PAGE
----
Advances in Animal and Veterinary Sciences

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Research Article


Assuring the Safety of Local and Imported Beef Meat from Different Slaughterhouses in Egypt


Hanan Korany Sayed1, Khalid Shawky Tolba2, Hassan Mohamed Sobhy3, Sahar Hussein Abdalla Hekal3*

1General Organization of Vet. Services – Ministry of Agriculture; 2Chief Researcher of Food Hygiene and Safety in Reference lab for Food Safety, Animal Health Research Institute, Dokki – ARC; 3Department of Natural Resources, Faculty of African Postgraduate Studies - Cairo University, Giza, Egypt.


Abstract | The current study was applied to investigate E. coli and Staph. aureus counts as well as serodiagnosis of E. coli, Salmonellae isolates and determination of enterotoxin production by Staph. aureus in 100 random local and imported fresh beef samples, from different slaughterhouses at Cairo and Giza Governorates. Staph. aureus was isolated from 22(44%) and 20 (40%) of examined local and imported meat samples respectively. E. coli was found in 40 (80%) and 34(68%) in examined local and imported meat samples, respectively. Staph. aureus enterotoxin types (A & D) were detected in two strains out of 5 randomly selected isolates from local meat only (20% of each). E. coli, one strain (20%) was isolated from fresh local meat; and classified as Enteropathogenic (EPEC), while two strains (40%) were Enterohaemorrhagic (EHEC) “O111:H2”, one strain (20%) was Enterotoxigenic (ETEC) “O15:H4”. On the other hand, one strain of E. coli (20%) isolated from imported meat was classified as Enteropathogenic (EPEC) and its serodiagnosis was O128:H2, while one strains (20%) was Enterohaemorrhagic (EHEC) “O26:H11” which harbored both (stx1 and stx2) genes and finally, the 3rd strain (20%) was Enteroinvasive (EIEC) “O159”. Meanwhile, Salmonella spp. was isolated from two samples (4%) of examined local meat; one strain was identified as S. Montevideo of Group “C1” with antigenic structure (O6,7,14:H g,m,s:1,2,7) and the 2nd strain was S. enteritidis of group “D1” (O: 1,9,12:H g,m). While, imported meat recorded 1 strain (2%) of S. Typhimurium of group “B” (O:1,4,5,12 H: i:1,2). A concerted effort, Hazard Analysis and Critical Control Points (HACCP) should be made to improve sanitary condition to mitigate bacterial contamination in slaughterhouses.


Keywords | E. coli, Egypt, Salmonella, Staph. aureus, Local and imported beef meat


Received | May 14, 2021; Accepted | June 12, 2021; Published | July 28, 2021

*Correspondence | Sahar Hussein Abdalla Hekal, Department of Natural Resources, Faculty of African Postgraduate Studies, Cairo University, Giza, Egypt; Email:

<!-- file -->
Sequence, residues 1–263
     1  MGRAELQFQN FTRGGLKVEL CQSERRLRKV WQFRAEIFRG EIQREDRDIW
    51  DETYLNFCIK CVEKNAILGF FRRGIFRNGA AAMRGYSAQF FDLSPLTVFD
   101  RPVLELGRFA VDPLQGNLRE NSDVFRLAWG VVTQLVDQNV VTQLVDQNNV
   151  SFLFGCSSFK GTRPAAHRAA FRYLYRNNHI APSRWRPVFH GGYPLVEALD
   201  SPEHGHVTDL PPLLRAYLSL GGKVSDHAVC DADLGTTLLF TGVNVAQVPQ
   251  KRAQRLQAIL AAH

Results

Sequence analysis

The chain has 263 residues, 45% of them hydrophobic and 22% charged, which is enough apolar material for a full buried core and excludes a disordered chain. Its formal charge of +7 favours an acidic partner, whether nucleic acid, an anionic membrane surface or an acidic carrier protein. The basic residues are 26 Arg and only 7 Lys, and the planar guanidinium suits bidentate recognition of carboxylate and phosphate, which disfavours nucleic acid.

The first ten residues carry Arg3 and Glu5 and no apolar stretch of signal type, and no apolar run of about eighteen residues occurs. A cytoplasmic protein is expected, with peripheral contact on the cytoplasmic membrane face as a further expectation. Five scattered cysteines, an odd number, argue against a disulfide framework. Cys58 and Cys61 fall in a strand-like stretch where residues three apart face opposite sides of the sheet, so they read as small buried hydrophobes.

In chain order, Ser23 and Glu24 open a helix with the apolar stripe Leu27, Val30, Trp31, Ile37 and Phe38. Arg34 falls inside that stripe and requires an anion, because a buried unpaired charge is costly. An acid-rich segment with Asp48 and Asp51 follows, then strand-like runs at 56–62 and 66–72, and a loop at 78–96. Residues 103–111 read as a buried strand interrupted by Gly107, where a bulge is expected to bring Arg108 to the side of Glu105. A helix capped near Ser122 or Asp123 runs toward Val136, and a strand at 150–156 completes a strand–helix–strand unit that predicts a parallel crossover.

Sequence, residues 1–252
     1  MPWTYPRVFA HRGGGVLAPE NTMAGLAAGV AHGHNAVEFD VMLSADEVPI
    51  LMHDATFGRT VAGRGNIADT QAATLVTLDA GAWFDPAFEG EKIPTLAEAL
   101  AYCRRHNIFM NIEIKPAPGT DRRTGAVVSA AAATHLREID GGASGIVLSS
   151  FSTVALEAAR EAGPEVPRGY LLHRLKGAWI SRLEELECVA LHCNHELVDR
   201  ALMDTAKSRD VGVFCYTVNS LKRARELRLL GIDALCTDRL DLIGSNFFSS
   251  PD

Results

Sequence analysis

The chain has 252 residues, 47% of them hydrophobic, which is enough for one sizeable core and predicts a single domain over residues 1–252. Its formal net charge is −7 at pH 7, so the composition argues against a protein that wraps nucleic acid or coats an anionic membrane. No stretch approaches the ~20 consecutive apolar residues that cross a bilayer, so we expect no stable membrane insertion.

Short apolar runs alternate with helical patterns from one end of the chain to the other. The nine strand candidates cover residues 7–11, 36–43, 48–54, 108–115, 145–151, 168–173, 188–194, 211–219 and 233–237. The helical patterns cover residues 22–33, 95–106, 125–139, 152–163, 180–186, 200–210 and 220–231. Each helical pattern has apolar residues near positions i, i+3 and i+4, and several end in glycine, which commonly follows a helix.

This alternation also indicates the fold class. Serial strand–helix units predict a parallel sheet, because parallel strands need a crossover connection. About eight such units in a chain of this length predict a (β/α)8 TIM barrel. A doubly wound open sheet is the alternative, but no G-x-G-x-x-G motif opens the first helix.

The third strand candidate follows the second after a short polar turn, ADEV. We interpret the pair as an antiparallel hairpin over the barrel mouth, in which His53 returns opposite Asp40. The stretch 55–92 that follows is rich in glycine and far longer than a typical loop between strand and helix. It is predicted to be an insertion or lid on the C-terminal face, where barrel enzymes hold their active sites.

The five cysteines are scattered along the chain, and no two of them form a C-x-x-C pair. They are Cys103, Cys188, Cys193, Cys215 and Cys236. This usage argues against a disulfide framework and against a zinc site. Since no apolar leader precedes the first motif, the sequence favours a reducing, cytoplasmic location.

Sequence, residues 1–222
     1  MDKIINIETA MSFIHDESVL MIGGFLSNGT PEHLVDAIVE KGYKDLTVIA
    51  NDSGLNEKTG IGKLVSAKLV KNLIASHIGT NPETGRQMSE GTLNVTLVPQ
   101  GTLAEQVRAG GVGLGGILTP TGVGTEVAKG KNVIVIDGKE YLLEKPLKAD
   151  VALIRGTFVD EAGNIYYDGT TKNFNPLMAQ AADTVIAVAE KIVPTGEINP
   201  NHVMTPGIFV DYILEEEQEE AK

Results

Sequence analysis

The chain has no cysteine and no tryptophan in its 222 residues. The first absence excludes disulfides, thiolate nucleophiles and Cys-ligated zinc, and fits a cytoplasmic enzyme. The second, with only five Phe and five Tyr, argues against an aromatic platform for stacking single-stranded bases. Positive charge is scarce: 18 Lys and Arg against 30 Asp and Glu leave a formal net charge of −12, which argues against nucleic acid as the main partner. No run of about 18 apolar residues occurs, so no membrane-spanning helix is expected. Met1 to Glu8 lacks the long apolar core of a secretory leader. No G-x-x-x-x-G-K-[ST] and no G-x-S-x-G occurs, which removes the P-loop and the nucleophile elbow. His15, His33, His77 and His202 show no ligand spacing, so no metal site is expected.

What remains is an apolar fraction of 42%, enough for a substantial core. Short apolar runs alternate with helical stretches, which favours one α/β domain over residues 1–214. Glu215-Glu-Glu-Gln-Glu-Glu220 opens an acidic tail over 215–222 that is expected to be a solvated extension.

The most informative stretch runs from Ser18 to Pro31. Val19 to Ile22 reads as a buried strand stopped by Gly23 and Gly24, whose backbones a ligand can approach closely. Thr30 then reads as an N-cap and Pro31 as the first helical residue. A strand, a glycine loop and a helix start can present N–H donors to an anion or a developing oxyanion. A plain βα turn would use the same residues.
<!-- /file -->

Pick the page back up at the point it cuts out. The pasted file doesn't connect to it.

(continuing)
Citation | Sayed HK, Tolba KS, Sobhy HM, Hekal SHA (2021). Assuring the safety of local and imported beef meat from different slaughterhouses in egypt. Adv. Anim. Vet. Sci. 9(9): 1472-1482.


ISSN (Online) | 2307-8316; ISSN (Print) | 2309-3331

Copyright © 2021 Hekal et al. This is an open access article distributed under the Creative Commons Attribution License, which permits unrestricted use, distribution, and reproduction in any medium, provided the original work is properly cited.




Meat has high nutritive value for human consumption. On the other hand, meat is considered as an ideal growth media for many microorganisms because of the high moisture content, high percentage of nitrogenous compounds, good supply of minerals, glycogen and a favorable pH for most microorganisms (Al-Metairie, 2011). As a result of inappropriate environmental conditions, unhygienic slaughtering processes, bad storage and transportation of meat as well as bad handling and retailing may be resulted in its contamination with different food spoilage and food poisoning microorganisms. (Ercolini et al., 2006).


Egypt imports different types of meat to fill the gaps in the requirements of animal protein. (USDA, 2016). While the importation of beef meat in Egypt is crucial to close the gap in animal protein requirements, monitoring the frequency of antimicrobial resistance in imported meat must assure that quality and safety standards are met. The extent of microbial contamination and composition of microbial flora reflect the standard hygienic measures adopted during meat processing (Ko et al., 2013; Kim et al., 2016). Meat may be contaminated with various pathogenic microorganisms as E. coli, Salmonellae and Staph. aureus which renders meat constitute a hazard to human health (Nørrung et al., 2009). Moreover, some strains of E. coli could be able to causes several human foodborne illnesses ranging from gastrointestinal symptoms to sever bloody diarrhea and dysentery, also it considered the main cause of urinary tract complication represented by hemolytic uremic syndrome (HUS), pneumonia and meningitis (Johnson et al., 2006). Pathogenic E. coli strains have been broadly classified into two major categories; extraintestinal pathogenic and diarrheagenic E. coli which classified into six categories including Enteropathogenic E. coli (EPEC), Enterotoxigenic E. coli (ETEC), Entero-invasive E. coli (EIEC), Enteroaggregative E. coli (EAEC), diffusively adherent E. coli (DAEC) and Entero-hemorrhagic E. coli (EHEC)/Shiga toxin-producing E. coli (STEC) (Monaghan et al., 2011; Clements et al., 2012).Salmonella has been considered as a significant foodborne disease and could be isolated from raw meat, poultry and their products. Cross contamination and unhygienic measures during food processing are considered a predisposing factor for contamination with Salmonella (Gorman et al., 2002). Staphylococcal foodborne intoxication occurs all over the world and caused by ingestion of already preformed Staph. aureus enterotoxins in food causing clinical signs as vomiting, diarrhea and even death in older people and children (Baumgartner et al., 2014).